Around one in six working age adults will experience anxiety, depression or symptoms associated with stress at any one time. How we respond to, and support people who are struggling can have a huge impact on their ability to stay in work, and to embark on a recovery journey. Would you know how to respond and support someone in crisis? 84% of UK line managers believe they are responsible for employee wellbeing but only 24% have received any training.
Often, we miss opportunities to intervene early when employees are struggling; the stigma of disclosing a mental health condition is still a significant barrier to employees seeking support. Only 11% of employees discussed a recent mental health problem with their line manager, and half of employees say they would notdiscuss mental health with their line manager. Why? We fear discrimination… will this affect my future job prospects? How will people view me? Will people think I’m weak? Managers shy away from the subject for fear of making matters worse, or the fear of legal consequences if they get it wrong.
This culture of silence means that opportunities to support someone in the workplace are being missed, resulting in staff being off sick or falling out of the workplace altogether.
In order to tackle stigma, and take the fear out of starting conversations, we need to change the culture in our organisations around mental health. You will have seen many campaigns recently encouraging people to talk about their mental health. I work a lot in male-dominated industries; although we’d like to think otherwise, there is still a fear of showing weakness/ vulnerability… men just don’t talk about mental health. In order to affect change, we need to create a culture where people know they will be heard, not ridiculed, judged or disadvantaged by their admission.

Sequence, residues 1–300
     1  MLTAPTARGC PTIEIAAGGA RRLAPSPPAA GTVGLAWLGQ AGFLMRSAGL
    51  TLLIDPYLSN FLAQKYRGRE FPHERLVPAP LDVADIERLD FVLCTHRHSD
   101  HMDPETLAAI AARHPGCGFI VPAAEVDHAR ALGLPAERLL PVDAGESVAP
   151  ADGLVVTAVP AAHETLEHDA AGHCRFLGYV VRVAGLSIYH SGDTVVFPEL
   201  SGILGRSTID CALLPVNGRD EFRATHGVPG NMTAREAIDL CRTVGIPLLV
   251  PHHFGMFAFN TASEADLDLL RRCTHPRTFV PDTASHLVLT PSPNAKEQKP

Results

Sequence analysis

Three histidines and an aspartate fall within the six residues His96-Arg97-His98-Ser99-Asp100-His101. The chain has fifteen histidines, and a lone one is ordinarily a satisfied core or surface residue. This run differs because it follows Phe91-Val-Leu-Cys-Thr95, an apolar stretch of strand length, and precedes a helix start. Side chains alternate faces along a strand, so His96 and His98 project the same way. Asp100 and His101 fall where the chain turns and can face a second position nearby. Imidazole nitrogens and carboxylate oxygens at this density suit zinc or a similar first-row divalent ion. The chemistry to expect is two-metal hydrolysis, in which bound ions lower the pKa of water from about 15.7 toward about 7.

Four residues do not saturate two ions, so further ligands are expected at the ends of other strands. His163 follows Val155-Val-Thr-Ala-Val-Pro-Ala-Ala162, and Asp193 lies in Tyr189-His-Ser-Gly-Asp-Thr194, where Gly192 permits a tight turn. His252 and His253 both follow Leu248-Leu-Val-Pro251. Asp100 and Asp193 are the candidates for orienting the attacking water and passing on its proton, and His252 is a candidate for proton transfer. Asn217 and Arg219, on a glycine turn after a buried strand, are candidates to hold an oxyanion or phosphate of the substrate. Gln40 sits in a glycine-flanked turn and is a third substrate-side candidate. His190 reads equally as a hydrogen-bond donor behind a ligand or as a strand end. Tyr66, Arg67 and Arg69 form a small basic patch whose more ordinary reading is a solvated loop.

We also see the highest rates of suicide within male-dominated industries. In the construction industry alone, we lose more men to suicide than to industrial accidents. Would you know how to start a conversation with someone having thoughts of suicide? Most people are terrified of saying the wrong thing, and making the situation worse. In reality, the evidence shows us that talking about suicide has completely the opposite effect. We’re much more able to prevent suicide if we talk about it.
People often ask me how I got into doing the work I do. It’s an interesting question… with a complex answer, but one that I think many of us relate to. Often our own lived experience is what gives us the passion to affect change; this is certainly my story.
I have experienced periods of depression, anxiety and agoraphobia throughout my life that have given me an understanding of mental ill-health and a real empathy for those in crisis. Inevitably, though, our personal mental state leaks into the workplace and affects the way we work and interact with others. I have experienced both good and bad responses to my mental ill-health at work, and I’m not alone.
Mental Health First Aid training gives people tools to support themselves and each other, so everyone can talk about mental health and seek help when needed. It teaches people to spot the signs of mental health issues and guide a person towards support. The course doesn’t teach people to be therapists or counsellors, but gives people the skills to respond in a crisis, and to reach out before a crisis happens